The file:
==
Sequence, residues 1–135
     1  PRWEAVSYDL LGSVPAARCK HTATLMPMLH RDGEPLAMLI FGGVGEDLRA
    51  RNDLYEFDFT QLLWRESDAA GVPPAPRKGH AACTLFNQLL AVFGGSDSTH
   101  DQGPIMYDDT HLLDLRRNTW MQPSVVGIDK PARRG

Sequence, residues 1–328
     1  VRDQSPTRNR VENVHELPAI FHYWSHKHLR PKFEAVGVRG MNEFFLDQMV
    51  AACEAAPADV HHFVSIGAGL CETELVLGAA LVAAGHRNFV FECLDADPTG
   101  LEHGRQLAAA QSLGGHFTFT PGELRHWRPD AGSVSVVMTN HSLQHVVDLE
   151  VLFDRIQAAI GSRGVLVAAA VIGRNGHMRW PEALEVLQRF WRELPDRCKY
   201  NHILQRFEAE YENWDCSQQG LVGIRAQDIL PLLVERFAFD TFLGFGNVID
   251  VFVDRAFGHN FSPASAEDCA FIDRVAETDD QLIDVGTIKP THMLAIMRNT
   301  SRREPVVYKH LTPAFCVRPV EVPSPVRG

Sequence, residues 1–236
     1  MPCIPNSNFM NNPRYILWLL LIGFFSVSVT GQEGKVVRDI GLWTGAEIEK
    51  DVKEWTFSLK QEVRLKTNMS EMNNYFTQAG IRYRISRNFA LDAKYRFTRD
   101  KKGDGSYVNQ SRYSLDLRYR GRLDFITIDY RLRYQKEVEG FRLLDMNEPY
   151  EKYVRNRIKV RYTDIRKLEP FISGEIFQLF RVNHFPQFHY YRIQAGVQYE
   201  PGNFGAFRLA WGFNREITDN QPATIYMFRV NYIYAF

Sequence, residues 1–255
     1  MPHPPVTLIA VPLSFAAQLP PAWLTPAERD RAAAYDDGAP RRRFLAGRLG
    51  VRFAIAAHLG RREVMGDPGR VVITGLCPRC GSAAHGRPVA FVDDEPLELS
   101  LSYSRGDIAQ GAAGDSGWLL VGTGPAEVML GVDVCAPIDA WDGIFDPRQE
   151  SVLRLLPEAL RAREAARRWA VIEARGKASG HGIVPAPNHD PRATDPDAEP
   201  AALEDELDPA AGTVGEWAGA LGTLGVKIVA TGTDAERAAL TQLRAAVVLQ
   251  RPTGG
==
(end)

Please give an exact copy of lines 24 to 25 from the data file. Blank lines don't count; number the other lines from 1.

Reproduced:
   201  AALEDELDPA AGTVGEWAGA LGTLGVKIVA TGTDAERAAL TQLRAAVVLQ
   251  RPTGG